MasterCard was one of the first entities to back out of the fledgling Libra Association, but it certainly wouldn’t be the only one. The Facebook-backed stablecoin project has been mired in controversy since it began, and has met one roadblock after another as it tries to find solid ground. Even one of the project’s own board members, Patrick Ellis, has said that there is “no solid strategy” for a successful launch of the initiative, and MasterCard’s co-president of operations in the Asia Pacific region, Ari Sarker, has alluded to a lack of a clear, concise plan for the company’s decision to withdraw. Now, MasterCard’s top executive has chimed in, saying the decision to step away was also due to a Libra business model that was absent organized and complete solutions necessary for a genuine financial system.
In a conversation with the Financial Times, MasterCard CEO and president Ajay Banga explained that things started to become murky after executives began to dissect Libra’s charter and really dig in on what the stablecoin hoped to accomplish. He asserted that the inclusion of Libra’s own crypto wallet, Calibra, added another layer of confusion, stating, “It went from this altruistic idea into their own wallet. I’m like: ‘this doesn’t sound right.’ If you get paid in Libra… which go into Calibras, which go back into pounds to buy rice, I don’t understand how that works.”
Banga also had difficulty putting his head around the concept of how the Libra Association was going to turn a profit, adding, “When you don’t understand how money gets made, it gets made in ways you don’t like.”
MasterCard was one of the first, along with Visa, Stripe and others, to officially bow out of the project last October. It didn’t offer many details regarding its decision, but Visa explained at the time that Libra had not shown that it could “satisfy all requisite regulatory expectations,” a statement that has now been echoed by MasterCard’s input.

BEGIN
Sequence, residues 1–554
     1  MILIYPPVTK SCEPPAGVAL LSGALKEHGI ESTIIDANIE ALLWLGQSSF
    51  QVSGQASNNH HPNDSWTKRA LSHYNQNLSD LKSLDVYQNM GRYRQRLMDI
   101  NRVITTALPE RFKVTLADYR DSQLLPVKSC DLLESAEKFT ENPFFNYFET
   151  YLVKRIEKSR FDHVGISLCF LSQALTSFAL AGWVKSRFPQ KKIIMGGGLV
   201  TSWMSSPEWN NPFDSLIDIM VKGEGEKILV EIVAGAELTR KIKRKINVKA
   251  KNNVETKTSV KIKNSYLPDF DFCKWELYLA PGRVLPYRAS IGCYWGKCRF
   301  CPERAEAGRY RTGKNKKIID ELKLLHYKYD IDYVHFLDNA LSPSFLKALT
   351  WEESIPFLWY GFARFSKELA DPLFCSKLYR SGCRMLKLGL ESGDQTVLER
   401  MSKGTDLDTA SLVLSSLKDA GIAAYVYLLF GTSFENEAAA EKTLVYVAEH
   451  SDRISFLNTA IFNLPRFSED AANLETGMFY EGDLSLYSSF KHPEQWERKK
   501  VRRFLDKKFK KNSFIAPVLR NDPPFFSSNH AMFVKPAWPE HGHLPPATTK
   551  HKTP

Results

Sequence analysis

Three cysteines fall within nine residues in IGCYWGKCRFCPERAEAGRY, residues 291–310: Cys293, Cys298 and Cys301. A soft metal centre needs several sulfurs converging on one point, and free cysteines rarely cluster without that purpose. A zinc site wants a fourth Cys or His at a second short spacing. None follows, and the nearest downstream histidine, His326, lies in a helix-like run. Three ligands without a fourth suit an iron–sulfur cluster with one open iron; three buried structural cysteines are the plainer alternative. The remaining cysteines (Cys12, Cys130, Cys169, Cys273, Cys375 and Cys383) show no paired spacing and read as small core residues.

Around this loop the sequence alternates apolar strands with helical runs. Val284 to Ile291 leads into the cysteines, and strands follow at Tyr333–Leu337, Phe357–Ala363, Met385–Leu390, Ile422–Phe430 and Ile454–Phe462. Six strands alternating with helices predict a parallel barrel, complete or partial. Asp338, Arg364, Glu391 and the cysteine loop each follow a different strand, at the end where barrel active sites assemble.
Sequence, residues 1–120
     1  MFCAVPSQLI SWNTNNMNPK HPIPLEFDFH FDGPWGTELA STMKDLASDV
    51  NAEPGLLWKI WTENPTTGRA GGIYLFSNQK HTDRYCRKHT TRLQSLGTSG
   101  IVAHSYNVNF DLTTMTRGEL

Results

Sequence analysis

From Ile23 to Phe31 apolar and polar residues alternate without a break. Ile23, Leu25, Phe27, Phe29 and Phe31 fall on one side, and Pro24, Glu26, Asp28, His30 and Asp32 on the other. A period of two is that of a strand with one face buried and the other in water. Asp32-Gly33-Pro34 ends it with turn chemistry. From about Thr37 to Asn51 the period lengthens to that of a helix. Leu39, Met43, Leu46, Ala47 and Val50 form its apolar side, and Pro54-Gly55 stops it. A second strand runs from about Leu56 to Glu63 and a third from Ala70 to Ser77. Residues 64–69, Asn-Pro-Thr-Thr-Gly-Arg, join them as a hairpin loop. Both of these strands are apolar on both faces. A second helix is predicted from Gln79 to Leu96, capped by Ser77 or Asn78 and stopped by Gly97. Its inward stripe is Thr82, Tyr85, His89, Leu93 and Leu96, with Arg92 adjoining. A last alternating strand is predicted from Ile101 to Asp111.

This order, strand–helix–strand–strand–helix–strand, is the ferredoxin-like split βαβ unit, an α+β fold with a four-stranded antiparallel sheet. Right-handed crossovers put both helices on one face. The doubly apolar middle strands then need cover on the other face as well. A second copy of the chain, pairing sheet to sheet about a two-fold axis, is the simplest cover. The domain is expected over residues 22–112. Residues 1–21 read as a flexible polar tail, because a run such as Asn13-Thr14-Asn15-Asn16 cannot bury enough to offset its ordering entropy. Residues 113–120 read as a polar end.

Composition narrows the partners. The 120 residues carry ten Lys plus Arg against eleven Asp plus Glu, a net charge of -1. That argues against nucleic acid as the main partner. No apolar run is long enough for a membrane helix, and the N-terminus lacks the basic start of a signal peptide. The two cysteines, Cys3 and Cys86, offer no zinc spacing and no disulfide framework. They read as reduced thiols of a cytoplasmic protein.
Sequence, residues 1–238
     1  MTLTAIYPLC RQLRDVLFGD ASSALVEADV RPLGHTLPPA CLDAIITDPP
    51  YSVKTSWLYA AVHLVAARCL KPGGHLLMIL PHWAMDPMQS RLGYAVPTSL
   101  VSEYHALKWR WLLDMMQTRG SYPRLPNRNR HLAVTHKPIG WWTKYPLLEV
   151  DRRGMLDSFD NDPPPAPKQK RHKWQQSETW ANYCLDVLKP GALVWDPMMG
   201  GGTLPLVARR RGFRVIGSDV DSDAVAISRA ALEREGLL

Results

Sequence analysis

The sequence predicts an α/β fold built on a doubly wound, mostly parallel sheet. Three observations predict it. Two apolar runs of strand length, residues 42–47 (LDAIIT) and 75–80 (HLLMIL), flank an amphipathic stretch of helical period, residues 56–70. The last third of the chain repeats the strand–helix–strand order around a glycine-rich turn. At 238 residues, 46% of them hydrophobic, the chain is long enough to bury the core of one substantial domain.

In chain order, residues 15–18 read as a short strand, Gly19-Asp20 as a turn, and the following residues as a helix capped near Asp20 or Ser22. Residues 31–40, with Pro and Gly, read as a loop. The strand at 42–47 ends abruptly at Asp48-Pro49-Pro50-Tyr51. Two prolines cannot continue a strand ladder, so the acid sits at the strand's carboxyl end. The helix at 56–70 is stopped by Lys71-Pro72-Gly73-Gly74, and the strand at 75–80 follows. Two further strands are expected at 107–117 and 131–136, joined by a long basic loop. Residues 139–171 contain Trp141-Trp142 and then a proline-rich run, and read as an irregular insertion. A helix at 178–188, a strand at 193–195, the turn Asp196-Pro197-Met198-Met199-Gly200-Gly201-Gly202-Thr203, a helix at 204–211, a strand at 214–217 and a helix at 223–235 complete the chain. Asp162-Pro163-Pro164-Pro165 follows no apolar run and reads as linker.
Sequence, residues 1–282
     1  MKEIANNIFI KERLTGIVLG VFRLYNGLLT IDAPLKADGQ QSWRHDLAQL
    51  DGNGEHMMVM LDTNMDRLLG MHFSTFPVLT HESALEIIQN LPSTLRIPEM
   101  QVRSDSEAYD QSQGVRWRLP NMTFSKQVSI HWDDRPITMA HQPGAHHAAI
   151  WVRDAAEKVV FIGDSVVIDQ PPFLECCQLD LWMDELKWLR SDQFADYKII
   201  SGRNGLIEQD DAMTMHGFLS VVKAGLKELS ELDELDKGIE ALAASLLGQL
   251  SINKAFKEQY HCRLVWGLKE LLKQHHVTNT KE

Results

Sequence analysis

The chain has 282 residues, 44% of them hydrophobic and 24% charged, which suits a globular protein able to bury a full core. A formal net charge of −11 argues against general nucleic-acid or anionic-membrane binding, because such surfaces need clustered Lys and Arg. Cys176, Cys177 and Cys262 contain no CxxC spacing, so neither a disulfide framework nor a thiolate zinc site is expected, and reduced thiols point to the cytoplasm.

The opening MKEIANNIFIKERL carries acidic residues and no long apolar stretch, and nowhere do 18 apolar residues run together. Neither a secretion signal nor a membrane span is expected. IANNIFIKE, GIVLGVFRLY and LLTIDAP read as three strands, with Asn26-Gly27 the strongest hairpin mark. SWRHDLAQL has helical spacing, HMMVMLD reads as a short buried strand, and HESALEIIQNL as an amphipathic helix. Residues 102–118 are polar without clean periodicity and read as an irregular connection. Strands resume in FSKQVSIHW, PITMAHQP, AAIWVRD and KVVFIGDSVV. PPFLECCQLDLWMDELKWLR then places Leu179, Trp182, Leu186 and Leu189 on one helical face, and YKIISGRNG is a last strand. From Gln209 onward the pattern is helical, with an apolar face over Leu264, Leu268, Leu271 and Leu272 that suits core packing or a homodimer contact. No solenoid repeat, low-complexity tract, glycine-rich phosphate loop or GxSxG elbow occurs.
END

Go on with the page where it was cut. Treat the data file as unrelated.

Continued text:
The Libra Association has yet stepped forward to address these concerns publicly as more members continue to drop out. There were initially 28 entities designated as founding members; however, eight have now left. Vodafone is the most recent, announcing its decision to vacate its position on the organization last month.
MasterCard, like most large financial firms, has tried to keep crypto at arm’s length. However, it hasn’t necessarily been bearish on all aspects of the ecosystem. It has been involved in a few blockchain projects, and has even reportedly been looking at hiring internal employees to work on crypto wallet initiatives.
As support for the Libra Association continues to wane, the group still hopes to introduce the stablecoin at some point in the future. Initially, a launch had been expected for last year, prior to the global controversy, but then delayed to sometime before this summer. However, that goal is now in doubt, as there doesn’t seem to be any financial regulator willing to give it the green light. Even the former president of Switzerland, where the Libra Association is based, has asserted that Libra has failed.
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